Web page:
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slaves] seemed to like [Rufus], hold him in contempt, and fear him
all at the same time. . . . I had thought my feelings were complicated
because he and I had such a strange relationship. But then, slavery
of any kind fostered strange relationships.”
This quotation, from part 11 of
“The Storm,” is inspired by the slaves’ behavior toward Rufus at
the husking party. Rufus has just doled out whiskey and good food.
The slaves shower Rufus with gratitude to his face and ridicule
him behind his back. Dana is surprised to find that the slaves feel
the same simultaneous and contradictory emotions toward Rufus that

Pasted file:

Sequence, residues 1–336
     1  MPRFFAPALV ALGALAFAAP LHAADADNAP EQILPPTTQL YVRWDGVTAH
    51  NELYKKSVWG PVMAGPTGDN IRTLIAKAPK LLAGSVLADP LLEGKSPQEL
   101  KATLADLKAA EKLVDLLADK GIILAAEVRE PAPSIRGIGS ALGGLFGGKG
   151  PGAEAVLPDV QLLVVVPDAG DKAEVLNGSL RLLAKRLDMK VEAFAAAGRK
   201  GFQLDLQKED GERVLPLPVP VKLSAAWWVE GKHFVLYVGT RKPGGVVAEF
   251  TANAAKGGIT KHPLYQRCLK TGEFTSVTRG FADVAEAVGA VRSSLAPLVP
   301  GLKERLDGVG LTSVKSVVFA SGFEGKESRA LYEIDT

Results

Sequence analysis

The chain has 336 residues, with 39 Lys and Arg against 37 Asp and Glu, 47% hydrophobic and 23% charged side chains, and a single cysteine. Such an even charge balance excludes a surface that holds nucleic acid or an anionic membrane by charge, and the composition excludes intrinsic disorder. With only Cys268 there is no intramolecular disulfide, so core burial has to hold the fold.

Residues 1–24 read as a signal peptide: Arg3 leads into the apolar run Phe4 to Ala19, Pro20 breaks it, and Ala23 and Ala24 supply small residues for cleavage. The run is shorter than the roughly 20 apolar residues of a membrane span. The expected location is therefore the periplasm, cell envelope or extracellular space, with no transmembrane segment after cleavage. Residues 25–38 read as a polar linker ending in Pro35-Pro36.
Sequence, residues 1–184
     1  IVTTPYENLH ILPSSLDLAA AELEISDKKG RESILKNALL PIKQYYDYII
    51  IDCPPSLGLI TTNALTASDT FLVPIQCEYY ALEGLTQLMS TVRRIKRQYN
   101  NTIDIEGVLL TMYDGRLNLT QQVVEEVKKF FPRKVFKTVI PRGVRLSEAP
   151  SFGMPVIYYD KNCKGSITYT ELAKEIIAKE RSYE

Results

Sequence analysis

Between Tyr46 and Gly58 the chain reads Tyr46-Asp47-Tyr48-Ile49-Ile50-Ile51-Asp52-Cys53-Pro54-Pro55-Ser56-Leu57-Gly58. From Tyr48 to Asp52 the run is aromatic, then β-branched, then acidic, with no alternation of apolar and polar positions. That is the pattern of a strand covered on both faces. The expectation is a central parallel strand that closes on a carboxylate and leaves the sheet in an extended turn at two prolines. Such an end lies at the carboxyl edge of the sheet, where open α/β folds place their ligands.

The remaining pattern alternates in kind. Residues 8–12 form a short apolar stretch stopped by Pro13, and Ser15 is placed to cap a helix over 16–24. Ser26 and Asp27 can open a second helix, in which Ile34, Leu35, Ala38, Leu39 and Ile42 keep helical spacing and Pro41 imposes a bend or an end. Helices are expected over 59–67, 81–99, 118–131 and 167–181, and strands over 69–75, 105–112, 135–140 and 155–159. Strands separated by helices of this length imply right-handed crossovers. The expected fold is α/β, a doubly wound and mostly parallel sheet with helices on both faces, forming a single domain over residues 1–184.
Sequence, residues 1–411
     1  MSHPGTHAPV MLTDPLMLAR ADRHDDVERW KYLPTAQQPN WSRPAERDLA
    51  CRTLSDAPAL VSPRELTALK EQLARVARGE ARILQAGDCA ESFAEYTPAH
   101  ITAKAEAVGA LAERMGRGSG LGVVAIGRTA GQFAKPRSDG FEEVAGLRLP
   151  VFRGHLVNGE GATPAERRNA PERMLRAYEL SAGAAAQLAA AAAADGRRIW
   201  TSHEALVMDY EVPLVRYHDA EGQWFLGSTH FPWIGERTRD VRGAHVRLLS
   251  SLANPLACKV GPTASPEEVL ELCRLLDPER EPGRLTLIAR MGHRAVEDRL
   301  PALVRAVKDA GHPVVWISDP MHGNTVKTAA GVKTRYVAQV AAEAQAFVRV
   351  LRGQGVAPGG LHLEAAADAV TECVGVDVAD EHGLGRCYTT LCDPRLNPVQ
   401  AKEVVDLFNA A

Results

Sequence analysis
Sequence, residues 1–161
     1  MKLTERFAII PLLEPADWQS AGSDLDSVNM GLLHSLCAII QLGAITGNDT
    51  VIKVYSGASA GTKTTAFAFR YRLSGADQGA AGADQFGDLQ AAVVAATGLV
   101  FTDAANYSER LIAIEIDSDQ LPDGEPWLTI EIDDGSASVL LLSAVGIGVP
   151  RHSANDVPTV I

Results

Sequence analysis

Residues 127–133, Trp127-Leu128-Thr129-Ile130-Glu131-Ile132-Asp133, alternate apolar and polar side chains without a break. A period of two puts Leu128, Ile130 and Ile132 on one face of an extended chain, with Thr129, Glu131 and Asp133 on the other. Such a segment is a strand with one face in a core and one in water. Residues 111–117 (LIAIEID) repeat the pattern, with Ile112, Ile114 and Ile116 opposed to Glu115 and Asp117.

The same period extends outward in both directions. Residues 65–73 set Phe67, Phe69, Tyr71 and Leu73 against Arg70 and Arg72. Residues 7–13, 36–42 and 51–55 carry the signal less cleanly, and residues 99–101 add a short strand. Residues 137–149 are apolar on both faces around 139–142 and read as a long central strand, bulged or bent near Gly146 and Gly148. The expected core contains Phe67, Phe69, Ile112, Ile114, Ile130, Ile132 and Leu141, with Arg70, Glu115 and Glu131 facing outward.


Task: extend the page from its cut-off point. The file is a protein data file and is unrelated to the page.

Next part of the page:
she herself feels. They, like she, feel both affection and hatred
for Rufus. A lifetime of enslavement has beaten submissiveness into
the slaves, and they can’t help but appreciate the little scraps
Rufus throws them, the food and alcohol, the small mercies, the
occasional gesture of goodwill. At the same time, though, they despise
him. In the same way, Dana half-loves Rufus. She is grateful for
his occasional kindness, and she can’t help but feel affection for
him. At the same time, she loathes him. Dana recognizes in this
passage that she is not as different from the slaves as she thought
she was, at least in her attitude toward Rufus.
Ace your assignments with our guide to Kindred!